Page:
Racing To Make Accusations

, , , , | Friendly | February 5, 2021

I race dirt oval stock cars a few nights a week. I’m in a mid-level class — not the rookie divisions, but not the top-dollar, fastest cars, either. Mostly, it’s a class for drivers to have fun and compete without needing to spend multiple hundreds of thousands of dollars every summer. As such, as competitive as we are on the track, all of us drivers and our pit crews are also great friends who go to great lengths to loan each other spare parts or extra hands during emergency repairs. We want to race each other, and racing is no fun when all the other guys are broken down in the pits.

On opening night one season, a bunch of us have gotten to the pits early and are hanging out shooting the breeze, waiting for the racing to start. At the last minute, a massive enclosed trailer shows up at the pit entrance. This thing is easily fancier than any other trailer in the pit area — even the top-level classes — and looks like something that should be on pit lane at a NASCAR race, not just a weekend dirt track show.

The pit area at the track is generally divided by car class, and to everybody’s surprise, this fancy trailer heads over to the class that I race in. They park and start unloading the car, and all the pit crew guys are wearing matching uniforms — compared to everyone else in grubby jeans and T-shirts. Nobody from the trailer makes an effort to introduce themselves to anyone else, and they’re giving off an arrogant vibe, so we all comply and stay away from them.

We get through hot laps and move into the heat races. I’m in the same heat as the new car from the fancy trailer. The green flag drops and we all take off racing.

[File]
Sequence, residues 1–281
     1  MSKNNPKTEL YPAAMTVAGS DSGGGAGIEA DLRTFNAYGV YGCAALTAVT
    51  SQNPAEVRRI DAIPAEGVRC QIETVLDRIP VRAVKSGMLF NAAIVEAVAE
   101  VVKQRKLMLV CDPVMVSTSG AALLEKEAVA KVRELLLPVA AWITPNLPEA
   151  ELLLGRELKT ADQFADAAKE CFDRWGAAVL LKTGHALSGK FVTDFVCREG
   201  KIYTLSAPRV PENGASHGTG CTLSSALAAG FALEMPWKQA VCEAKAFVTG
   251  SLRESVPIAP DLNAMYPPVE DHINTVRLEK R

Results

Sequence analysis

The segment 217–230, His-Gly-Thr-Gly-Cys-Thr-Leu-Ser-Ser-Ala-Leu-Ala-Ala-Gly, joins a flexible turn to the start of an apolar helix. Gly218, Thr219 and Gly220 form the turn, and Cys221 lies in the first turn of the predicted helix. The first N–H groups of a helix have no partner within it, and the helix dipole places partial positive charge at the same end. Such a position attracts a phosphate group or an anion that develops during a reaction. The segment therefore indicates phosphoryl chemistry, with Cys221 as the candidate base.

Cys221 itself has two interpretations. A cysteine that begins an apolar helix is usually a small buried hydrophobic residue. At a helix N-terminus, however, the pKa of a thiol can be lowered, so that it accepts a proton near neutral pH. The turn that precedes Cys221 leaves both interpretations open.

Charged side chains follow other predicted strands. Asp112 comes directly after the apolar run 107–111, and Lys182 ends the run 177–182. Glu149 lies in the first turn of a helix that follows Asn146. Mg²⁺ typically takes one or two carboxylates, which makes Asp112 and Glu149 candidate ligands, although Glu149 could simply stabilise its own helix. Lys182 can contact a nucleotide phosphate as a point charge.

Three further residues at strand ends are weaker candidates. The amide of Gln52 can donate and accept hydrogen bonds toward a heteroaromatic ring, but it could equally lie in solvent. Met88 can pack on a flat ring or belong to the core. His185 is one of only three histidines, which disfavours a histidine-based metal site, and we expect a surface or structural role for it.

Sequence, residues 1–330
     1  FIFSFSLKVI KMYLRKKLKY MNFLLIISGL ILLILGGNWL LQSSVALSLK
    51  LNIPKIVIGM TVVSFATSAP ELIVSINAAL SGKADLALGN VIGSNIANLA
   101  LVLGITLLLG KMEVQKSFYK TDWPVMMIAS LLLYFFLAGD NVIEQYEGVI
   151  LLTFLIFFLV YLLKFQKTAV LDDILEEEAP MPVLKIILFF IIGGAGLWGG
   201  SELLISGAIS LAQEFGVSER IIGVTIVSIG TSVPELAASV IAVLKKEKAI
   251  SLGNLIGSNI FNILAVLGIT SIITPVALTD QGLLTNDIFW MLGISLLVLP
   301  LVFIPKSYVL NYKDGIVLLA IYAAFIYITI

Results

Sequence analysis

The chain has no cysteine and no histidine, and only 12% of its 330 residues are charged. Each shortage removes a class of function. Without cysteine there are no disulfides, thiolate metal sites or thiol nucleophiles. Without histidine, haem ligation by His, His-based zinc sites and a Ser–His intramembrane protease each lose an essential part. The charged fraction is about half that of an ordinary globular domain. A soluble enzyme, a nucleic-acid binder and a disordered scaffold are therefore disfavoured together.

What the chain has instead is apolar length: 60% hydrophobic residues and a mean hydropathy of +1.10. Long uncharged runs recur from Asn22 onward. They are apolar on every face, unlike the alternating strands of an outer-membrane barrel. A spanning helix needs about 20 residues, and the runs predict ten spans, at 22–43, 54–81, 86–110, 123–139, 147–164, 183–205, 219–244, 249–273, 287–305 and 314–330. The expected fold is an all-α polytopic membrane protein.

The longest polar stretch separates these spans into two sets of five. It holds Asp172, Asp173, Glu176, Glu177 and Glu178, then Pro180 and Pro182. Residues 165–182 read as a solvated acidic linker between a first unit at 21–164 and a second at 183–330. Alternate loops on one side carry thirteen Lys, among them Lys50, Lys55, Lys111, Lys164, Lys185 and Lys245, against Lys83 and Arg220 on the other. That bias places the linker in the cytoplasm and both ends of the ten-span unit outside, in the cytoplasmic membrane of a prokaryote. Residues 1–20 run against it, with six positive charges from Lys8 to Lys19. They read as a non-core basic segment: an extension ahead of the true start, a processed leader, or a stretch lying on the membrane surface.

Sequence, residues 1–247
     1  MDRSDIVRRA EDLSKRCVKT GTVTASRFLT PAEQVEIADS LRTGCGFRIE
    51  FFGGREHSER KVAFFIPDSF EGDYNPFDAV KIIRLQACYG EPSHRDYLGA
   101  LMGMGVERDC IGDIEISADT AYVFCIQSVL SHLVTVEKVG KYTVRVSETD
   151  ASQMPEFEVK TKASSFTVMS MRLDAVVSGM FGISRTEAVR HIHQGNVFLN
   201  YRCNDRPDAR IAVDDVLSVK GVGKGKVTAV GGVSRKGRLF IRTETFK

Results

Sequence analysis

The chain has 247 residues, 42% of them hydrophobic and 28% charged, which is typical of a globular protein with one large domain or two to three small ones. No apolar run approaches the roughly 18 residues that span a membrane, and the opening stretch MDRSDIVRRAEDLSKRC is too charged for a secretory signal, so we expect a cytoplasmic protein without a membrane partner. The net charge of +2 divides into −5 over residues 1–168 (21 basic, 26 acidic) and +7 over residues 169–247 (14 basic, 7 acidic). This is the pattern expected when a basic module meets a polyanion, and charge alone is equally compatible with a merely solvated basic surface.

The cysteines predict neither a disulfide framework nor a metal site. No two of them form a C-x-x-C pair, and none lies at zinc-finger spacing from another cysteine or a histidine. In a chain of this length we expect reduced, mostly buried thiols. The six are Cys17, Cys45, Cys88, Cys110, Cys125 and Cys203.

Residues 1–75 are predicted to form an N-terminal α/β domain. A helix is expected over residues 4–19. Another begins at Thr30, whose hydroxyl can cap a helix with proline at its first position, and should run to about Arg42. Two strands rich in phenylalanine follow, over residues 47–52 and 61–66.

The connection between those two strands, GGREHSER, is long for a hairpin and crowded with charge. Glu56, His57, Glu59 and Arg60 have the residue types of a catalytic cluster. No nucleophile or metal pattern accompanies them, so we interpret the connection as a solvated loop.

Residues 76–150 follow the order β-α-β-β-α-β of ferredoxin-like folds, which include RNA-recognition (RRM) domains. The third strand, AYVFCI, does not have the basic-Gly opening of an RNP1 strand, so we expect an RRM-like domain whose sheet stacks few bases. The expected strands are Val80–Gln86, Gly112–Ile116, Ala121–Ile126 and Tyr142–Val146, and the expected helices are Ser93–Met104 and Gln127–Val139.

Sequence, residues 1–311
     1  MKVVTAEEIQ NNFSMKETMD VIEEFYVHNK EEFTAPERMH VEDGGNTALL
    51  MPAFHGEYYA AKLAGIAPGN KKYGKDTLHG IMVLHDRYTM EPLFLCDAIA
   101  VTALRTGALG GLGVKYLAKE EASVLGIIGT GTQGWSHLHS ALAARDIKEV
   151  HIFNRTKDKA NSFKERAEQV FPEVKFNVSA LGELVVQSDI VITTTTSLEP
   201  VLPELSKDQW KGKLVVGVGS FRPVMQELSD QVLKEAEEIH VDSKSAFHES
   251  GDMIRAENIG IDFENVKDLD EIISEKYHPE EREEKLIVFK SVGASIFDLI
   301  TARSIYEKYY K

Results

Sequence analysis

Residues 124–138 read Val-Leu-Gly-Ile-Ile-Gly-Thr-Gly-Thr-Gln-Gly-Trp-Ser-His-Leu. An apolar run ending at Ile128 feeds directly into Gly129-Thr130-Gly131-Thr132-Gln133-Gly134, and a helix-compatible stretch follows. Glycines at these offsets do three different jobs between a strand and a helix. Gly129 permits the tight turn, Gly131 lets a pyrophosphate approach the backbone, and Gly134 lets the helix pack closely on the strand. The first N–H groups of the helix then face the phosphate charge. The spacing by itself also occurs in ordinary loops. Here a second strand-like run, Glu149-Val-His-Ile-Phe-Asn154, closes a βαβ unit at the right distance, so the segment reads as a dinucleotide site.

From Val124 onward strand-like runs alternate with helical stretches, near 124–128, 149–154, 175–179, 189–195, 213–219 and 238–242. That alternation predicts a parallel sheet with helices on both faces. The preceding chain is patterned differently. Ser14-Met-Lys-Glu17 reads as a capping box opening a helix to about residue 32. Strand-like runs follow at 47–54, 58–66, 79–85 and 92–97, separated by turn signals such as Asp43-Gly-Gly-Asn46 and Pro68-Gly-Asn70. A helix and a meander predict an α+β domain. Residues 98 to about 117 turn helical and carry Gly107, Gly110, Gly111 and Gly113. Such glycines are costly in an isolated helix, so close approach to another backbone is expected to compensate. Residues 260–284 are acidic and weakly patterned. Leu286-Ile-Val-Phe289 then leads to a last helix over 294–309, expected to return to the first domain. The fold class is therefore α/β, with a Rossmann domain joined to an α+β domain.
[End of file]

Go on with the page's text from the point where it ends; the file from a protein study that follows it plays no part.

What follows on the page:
A few laps into the race, another driver and I make contact, and I get knocked off course — and straight into the new car. I end up hitting him hard and damaging both our cars badly enough that we can’t finish the race. We get towed back to the pit area, and before the new car is even off the hook, the driver is out of his car and storming over to me.

Before I can get out of my car, he starts yelling.

Driver: “I’m going to sue you for damaging my racecar! You ruined my easy win against all you amateur fools!”

Blah, blah, blah. I stay in my car because I don’t want to risk getting suspended from the track for fighting on opening night, and the other driver eventually gives up trying to fight, turns on his heel, and stomps back to his own trailer.

I climb out of my car and some of the drivers and pit crews from my class and other classes gather around to make sure everything is okay. I explain what happened, and after my adrenaline wears off, I walk over to the fancy trailer to try and explain what happened and offer to lend a hand to their repair efforts. 

Pit Crew Member: “Get lost!”

So, I headed back to my own trailer while they loaded up the car and left the track.

Meanwhile, the other drivers, knowing that sometimes bad stuff happens in racing, helped me bodge together a quick repair job on my car, and we managed to get the car running in time for the feature race later that night. I didn’t finish the race — some of the bodge jobs just weren’t permanent enough to stand up — but at least I started, unlike the guy with the fancy trailer that I assume was filled with all sorts of professional-quality tools and spare parts.

The team with the fancy trailer continued to show up every weekend and continued to give off the same arrogant vibe. I don’t know if they ever actually tried to sue me or not. I can’t imagine they found a lawyer who agreed to take on a case where a RACE CAR got damaged during a CAR RACE. But even if they had found a lawyer, all drivers at the track have to sign a waiver agreeing that they accept the risks and that they can’t sue the track or other drivers for car damage or injury unless it is blatantly intentional, so I would have been covered anyway.

I managed to win a handful of races that season. The “professional” team with the fancy trailer won absolutely nothing.

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